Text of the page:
Audrey, thank you. Woke. The Emerging Feminine in Turbulent Times. Awake!! There are various stages in Woke. Awakening to dreams has taken me through many places including a journey with Indigenous folk in the Four Winds Project at the University of Lethbridge in the early 90s, the lives of a very few residential school survivors I have known and of course journeys through Broken Knee, the horrors of the Oka Crisis and now the denial that is the UCP draft curriculum and attempts to yet again cover truth with denials. I greatly appreciate the comment from your friend about the lack of non-indigenous folk at the TRC. It is strange now that you mention it, but I for one never for one moment considered my place was there! I should have known. There are many many things we have yet to learn! Personal responsibility for each of us. And so, when I join my Indigenous friends again at various events, I will endeavor to ask more questions and listen to more of their answers. I am reminded of the great Lakota Cree Mystic, Black Elk. His books stand tall in my home. Now, to be sure the grandkids know about his dreams and visions! And to work to ensure the Blankets are never again pulled to cover this tragedy. Reconciliation indeed requires everyone.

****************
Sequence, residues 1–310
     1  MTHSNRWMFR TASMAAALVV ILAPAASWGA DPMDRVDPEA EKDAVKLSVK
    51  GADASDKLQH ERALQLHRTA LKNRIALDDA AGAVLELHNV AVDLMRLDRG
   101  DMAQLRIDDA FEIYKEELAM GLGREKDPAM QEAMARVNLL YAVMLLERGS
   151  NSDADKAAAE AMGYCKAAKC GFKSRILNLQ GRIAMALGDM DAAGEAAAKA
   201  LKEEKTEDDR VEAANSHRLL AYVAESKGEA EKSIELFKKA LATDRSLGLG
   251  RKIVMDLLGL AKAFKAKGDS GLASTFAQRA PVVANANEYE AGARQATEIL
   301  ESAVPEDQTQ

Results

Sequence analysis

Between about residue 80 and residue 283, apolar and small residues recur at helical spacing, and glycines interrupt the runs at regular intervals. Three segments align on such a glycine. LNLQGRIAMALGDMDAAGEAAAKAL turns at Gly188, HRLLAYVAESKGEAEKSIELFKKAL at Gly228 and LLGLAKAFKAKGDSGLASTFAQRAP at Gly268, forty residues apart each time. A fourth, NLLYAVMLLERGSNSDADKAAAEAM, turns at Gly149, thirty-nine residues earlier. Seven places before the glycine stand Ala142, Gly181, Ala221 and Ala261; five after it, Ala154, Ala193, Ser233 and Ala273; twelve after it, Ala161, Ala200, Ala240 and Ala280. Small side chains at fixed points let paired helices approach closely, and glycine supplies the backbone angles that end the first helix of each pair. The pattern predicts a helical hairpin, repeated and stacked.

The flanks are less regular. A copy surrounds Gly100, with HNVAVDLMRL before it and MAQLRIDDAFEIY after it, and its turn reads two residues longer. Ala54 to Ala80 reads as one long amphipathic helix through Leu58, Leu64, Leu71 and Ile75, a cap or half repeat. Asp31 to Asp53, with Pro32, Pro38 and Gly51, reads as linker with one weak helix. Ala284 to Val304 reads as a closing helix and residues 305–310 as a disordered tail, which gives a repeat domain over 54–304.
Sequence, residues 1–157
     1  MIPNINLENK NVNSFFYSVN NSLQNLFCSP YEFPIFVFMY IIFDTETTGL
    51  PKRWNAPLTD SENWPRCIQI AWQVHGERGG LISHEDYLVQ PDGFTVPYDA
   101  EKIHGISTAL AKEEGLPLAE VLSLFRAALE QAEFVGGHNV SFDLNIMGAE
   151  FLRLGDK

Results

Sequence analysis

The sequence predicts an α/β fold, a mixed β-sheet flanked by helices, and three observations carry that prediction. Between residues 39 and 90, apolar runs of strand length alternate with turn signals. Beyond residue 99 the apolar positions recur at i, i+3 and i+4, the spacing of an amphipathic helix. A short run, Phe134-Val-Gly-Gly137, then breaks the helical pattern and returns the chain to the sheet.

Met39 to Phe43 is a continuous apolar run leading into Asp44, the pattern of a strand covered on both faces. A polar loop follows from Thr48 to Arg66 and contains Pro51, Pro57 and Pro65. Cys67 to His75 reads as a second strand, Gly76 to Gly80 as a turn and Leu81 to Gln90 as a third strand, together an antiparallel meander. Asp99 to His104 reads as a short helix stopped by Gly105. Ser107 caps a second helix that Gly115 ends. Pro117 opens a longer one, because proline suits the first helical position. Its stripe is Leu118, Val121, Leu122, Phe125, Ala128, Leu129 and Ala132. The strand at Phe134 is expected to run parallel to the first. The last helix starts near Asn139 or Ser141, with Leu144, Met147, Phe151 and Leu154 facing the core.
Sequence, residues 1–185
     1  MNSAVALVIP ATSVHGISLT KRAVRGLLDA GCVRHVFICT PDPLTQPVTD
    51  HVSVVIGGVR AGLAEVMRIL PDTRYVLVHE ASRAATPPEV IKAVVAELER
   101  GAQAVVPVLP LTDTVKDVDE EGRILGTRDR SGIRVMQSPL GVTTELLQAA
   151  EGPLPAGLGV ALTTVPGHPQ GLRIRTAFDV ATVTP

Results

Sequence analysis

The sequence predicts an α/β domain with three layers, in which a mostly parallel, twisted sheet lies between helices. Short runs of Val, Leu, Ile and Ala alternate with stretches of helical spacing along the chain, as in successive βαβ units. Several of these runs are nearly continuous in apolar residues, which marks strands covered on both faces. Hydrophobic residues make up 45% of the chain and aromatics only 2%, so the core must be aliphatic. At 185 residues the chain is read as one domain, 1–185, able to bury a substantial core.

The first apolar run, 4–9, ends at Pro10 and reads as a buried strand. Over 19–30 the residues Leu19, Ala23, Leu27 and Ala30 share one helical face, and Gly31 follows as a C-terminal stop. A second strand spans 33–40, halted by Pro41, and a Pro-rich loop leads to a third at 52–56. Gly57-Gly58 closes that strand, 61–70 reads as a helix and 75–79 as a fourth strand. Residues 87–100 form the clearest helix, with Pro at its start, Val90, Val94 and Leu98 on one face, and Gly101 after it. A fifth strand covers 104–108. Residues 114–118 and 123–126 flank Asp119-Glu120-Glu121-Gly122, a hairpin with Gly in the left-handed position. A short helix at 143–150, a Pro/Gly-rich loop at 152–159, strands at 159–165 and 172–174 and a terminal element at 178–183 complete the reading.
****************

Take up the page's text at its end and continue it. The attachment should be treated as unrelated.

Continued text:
Reply
  6. Rev. Audrey Brooks
    June 20, 2021

    Dear Audrey,
    I was at the TRC with the other Interfaith Chaplains from the U of A. We were asked to be present with the people who were looking at the photo books of the residential schools. Many of them had never seen the pictures taken at the schools, nor had they seen pictures taken of themselves. It was a traumatic situation for many of them, especially the elders. There were tears, and amazement, as they saw their classmates, many now dead, and themselves. it was hard to be with them as white people, because we didn’t know if we should hug them and hold them as they cried. I tried to sit with them, and listen as they showed me pictures and told their stories.